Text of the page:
When I was small, there were lovely books with the names of colors: The Green Fairy Book and the Red Fairy Book and others, which I devoured. In them, I read of a place called Ireland, where the children always seemed to laugh and sing and dance, and the fiddles were magic, and even money appeared and disappeared as if it had a will of its own. When I was twelve, I did a research project on Ireland for school. What I remember most about this project was the colors found in the pictures I collected: green fields stretching to the horizon, bright red doors on buildings of grey stone, children dancing in dresses of brilliant green, stretches of grey stone in a field with splashes of red flowers growing, it would seem, from the very stone. Everything was red and green, vivid as life.
When I was older, I did some research about the Irish immigrants who came to Prince Edward Island, Canada, where I live, in the early part of the nineteenth century. Their stories were those of people fleeing from tragedy. Back home in Ireland, famine and disease was decimating the countryside. They came to Canada looking for hope, for a future, and they found a land where, at first, they could not vote or hold public office. In some places, they were persecuted for their Catholic religion. And yet, they brought such color! I speak here not just of the vibrant red of Irish hair or the vivid blue of Irish eyes; no, I speak of the individuality, the courage, the laughter, the songs. They brought with them the habit of defying the grayness of existence and splashing life across it in great, colorful strokes. The Irish were a people you could not keep down.
A few years later still, I became intrigued by Celtic Christianity. The novels of Peter Tremayne made the Ireland of the sixth century alive and exciting, while arousing my curiosity about this form of Christianity that seems to have had noticeable differences to the denominational forms I knew. As I read about this, I found great beauty in the prayers of Saint Patrick, the legends of Saint Brigid, the stories about St. Brendan’s courageous ventures across the ocean. I learned about the equality of gender held in Irish law and in Celtic Christianity, and how, while that was altered to some extent by the Catholic Church, Irish men still look for strong, intelligent women, and the culture holds them in high regard.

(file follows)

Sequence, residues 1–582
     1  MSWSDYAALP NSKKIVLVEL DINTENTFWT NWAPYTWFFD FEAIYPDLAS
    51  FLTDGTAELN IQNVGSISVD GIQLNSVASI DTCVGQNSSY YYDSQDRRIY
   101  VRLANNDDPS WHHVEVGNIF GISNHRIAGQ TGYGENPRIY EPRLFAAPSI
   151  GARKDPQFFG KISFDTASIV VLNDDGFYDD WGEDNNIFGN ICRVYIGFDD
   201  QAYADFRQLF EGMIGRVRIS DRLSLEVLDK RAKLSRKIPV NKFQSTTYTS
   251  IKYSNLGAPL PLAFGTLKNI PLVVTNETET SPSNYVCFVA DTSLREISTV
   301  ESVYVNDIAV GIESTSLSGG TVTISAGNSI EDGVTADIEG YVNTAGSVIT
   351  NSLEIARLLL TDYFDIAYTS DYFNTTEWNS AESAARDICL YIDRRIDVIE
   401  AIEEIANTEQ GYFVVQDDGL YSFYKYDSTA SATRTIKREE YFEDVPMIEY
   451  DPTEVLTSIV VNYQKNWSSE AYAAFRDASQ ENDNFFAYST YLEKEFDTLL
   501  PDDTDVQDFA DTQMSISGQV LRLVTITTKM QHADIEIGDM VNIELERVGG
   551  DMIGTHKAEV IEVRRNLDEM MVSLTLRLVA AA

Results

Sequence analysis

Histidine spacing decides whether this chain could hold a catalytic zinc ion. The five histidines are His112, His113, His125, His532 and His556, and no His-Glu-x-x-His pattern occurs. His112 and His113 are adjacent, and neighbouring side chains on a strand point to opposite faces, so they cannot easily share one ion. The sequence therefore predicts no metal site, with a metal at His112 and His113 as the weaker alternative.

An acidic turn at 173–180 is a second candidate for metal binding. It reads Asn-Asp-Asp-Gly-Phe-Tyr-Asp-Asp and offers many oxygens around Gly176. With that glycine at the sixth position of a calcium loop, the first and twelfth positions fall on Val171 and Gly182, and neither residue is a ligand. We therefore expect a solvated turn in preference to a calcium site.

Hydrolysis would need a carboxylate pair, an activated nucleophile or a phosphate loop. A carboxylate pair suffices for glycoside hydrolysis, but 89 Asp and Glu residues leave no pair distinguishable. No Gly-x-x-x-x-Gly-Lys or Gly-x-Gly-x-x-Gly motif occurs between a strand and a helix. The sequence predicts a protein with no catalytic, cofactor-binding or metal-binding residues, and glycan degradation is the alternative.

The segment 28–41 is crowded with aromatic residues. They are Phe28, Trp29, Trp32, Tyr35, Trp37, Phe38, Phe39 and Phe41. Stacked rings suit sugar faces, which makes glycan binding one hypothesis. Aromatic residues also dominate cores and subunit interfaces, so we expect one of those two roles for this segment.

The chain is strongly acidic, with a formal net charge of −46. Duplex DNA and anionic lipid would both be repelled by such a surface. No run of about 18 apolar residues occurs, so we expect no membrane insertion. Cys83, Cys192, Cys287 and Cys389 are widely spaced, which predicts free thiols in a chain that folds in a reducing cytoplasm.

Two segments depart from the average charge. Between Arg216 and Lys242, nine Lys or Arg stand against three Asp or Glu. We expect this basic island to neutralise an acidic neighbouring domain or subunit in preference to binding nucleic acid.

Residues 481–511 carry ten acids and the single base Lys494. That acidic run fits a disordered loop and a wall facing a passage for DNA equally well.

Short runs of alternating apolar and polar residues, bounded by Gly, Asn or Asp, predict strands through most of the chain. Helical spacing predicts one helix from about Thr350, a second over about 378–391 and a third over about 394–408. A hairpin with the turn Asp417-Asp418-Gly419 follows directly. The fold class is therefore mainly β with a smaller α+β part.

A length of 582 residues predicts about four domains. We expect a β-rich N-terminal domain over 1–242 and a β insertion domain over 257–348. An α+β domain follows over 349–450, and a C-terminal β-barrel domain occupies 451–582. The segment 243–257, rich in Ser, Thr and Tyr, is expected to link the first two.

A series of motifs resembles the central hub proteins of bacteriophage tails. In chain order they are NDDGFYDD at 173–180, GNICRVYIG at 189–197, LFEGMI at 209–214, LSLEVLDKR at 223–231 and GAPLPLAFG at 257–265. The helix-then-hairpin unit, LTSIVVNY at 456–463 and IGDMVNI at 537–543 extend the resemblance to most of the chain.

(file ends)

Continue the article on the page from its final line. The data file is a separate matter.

I began to dabble a little in Irish music. The singing groups, Celtic Woman and Celtic Thunder, became favorites. I began to watch Irish dancing on YouTube. I began to look for novels with an Irish element in them, such as J. D. Robb’s “In Death” series, where the protagonist’s delightful husband never speaks without “a ghost of Ireland in his voice”. As mystery novels are my preferred genre, I rejoiced in Andrew Greeley’s books, all Irish in flavor, as he was a descendant of Irish immigrants to the United States of America. Many of his books featured a psychic Irish singer as the lead detective. Cora Harrison wrote books about a woman who was a judge in rural Ireland in the sixteenth century. All these and more added little chips of color to the mosaic growing in my mind, called “Ireland.”
Then, to my delight, I discovered that I might have a drop of Irish blood in my veins. A distant ancestor of my mother was one of the “Ulster Irish”. Apparently, a member of his family, the Roses of Scotland, moved to Ireland. He and his descendants stayed there for about two hundred years, which is surely time enough to intermarry with the local population and become truly Irish. Then, when much of Ireland fell on hard times, they went back to Scotland before coming to North America. Did this explain my mother’s red hair and green eyes? Her quickness to both laughter and tears? Her love of music? Did it explain my own fascination with the Emerald Isle? In the map of my mind, one section shines with brilliant colors, even in the rain: Ireland is the color of life.
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Photo: Alison Crummy